Over the weekend, in splashy magazine profiles, two surefire contenders for this year's lead acting Oscars subtly made their cases for why it makes sense to give them statues next February: Doubt's Meryl Streep, in the pages of EW, because, thanks to the worldwide success of Mamma Mia!, she's suddenly a bankable movie star (instead of just a terminal Academy baiter); and The Wrestler's Mickey Rourke, in Sunday's Times Magazine, because he's overcome decades of bad decision-making (plus whatever awful thing happened to his face) to fight his way back into critics' good graces. In constructing their awards-friendly narratives, though, both actors make unsubstantiated claims that didn't totally satisfy magazine fact-checkers.
In her heartfelt Oscar pitch, Streep fights through a case of salmon-inflicted food poisoning ("It's been a rough morning," she tells EW's Christine Spines) to remind us that her vaguely unconventional good looks weren't always an easy fit in Hollywood. She says she tried out for Jessica Lange's part in the 1976 remake of King Kong, but when she arrived at her audition, producer Dino De Laurentiis, speaking in Italian, said, "Why did you send me this pig? This woman is so ugly! Blech!" Streep, being fluent in the language, purportedly fired back (in Italian): "I'm very sorry to disappoint you." When asked about it, though, De Laurentiis "flatly denies this exchange, or that the meeting even occurred. He says he did meet Streep, but for a different film." (For the record, we sort of believe Streep on this one.)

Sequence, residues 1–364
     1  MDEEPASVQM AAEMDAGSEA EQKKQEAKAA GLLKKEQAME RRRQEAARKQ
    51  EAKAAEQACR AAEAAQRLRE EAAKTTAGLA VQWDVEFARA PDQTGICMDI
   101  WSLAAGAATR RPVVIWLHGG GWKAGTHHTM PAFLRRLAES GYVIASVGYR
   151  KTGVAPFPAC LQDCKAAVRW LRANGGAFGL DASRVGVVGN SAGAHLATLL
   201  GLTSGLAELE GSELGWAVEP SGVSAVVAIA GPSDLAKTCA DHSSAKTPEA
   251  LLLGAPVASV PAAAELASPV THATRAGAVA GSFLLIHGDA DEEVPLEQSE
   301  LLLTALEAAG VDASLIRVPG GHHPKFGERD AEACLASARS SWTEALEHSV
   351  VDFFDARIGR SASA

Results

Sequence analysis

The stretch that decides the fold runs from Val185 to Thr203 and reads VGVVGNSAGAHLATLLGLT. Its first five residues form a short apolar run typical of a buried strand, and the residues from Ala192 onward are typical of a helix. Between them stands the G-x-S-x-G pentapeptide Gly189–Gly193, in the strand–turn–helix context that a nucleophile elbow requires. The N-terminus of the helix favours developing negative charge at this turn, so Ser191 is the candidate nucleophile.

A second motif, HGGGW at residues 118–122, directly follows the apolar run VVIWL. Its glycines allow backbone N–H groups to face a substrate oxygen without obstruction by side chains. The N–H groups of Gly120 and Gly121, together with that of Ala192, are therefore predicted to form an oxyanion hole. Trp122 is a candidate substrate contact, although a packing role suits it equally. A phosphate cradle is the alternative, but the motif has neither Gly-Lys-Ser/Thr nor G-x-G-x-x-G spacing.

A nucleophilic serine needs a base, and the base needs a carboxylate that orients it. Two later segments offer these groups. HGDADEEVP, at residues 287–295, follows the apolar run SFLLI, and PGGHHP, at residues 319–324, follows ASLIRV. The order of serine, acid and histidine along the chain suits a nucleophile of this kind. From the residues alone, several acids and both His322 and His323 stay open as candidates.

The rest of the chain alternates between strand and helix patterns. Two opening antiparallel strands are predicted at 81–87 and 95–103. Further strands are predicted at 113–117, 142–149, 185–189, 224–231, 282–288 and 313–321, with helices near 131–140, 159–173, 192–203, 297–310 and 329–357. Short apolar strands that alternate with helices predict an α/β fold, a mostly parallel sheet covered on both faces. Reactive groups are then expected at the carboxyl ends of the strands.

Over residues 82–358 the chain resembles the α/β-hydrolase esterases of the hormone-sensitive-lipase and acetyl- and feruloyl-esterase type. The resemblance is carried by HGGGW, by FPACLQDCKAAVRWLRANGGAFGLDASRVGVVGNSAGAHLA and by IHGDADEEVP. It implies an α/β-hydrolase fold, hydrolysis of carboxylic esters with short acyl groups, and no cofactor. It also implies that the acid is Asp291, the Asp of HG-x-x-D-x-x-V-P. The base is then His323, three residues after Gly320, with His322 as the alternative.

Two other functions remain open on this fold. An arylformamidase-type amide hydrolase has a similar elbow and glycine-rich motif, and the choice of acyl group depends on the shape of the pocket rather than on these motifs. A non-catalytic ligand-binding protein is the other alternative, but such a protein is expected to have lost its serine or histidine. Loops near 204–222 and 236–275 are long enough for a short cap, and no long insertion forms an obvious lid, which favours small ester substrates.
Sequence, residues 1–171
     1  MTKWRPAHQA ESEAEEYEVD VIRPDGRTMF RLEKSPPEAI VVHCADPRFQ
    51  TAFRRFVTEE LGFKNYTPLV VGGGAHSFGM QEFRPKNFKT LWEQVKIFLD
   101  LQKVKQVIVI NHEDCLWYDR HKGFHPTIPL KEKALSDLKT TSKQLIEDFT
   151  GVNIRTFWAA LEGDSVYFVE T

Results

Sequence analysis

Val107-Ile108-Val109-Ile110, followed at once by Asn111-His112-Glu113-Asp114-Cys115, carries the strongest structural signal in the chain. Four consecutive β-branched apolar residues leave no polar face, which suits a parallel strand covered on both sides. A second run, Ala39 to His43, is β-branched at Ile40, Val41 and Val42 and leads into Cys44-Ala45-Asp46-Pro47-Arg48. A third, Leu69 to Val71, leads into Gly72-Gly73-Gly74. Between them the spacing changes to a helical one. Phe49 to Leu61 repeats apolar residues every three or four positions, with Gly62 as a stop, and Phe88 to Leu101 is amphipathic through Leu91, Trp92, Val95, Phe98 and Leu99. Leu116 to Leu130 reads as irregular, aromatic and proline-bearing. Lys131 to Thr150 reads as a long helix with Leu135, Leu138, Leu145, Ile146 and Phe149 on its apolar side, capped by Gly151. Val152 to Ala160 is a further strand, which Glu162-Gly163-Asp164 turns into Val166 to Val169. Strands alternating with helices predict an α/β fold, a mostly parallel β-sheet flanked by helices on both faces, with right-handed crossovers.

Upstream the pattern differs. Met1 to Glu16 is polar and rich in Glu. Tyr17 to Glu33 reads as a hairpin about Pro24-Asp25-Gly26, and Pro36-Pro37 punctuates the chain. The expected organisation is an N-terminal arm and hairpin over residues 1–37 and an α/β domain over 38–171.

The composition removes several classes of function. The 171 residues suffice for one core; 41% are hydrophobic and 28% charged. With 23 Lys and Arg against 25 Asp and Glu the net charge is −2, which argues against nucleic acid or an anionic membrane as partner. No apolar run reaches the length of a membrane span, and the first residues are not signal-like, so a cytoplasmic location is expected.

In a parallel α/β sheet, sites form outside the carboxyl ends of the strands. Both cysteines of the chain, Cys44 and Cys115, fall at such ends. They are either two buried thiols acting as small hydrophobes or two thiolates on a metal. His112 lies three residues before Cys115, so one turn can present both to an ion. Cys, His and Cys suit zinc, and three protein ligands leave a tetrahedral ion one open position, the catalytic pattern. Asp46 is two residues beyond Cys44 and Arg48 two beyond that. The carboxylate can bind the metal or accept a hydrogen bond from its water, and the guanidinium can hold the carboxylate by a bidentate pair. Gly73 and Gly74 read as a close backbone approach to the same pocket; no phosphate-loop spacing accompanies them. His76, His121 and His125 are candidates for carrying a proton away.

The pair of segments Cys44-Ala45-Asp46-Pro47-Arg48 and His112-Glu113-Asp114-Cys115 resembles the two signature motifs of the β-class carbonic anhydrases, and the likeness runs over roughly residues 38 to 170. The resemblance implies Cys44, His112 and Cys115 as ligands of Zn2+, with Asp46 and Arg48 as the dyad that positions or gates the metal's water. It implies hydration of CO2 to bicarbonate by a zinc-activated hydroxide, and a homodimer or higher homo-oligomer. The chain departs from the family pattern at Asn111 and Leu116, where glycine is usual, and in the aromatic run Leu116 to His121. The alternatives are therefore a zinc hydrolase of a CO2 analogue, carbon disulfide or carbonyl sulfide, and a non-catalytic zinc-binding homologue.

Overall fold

Rourke's purported lies are slightly more egregious (and way funnier). He tells the Times Magazine's Pat Jordan the following:
• He grew up in Liberty City, an all-black part of Miami ("We never lived in Liberty City," says his stepfather, Eugene Addis, when reached for comment. "We lived in a white section near Miami Shores in a brand-new home I got for being a Navy vet in World War II").
• As a teenager, he protected his younger brother Joey from neighborhood bullies ("Joey was a real horse. If anyone needed protecting it was Mickey," clarifies Addis). Additionally, he claims he was a Golden Gloves boxer in his teens and won 20 of his 26 fights, 17 of them by knockouts (Addis and the director of Golden Gloves both dispute this. "I don't think Mickey ever had an amateur fight," says his former boxing instructor).
• He and his brother were physically abused by his stepfather, a charge which Addis denies ("When I asked him once why he said all those things about me in the press, he said, 'Aw, Dad, I gotta tell the press something'").
So will doubts over the veracity of their shilling hurt them at Oscar time? Or will their competitors render these charges moot by telling reporters even crazier, less-true things? Surely Sean Penn will, right?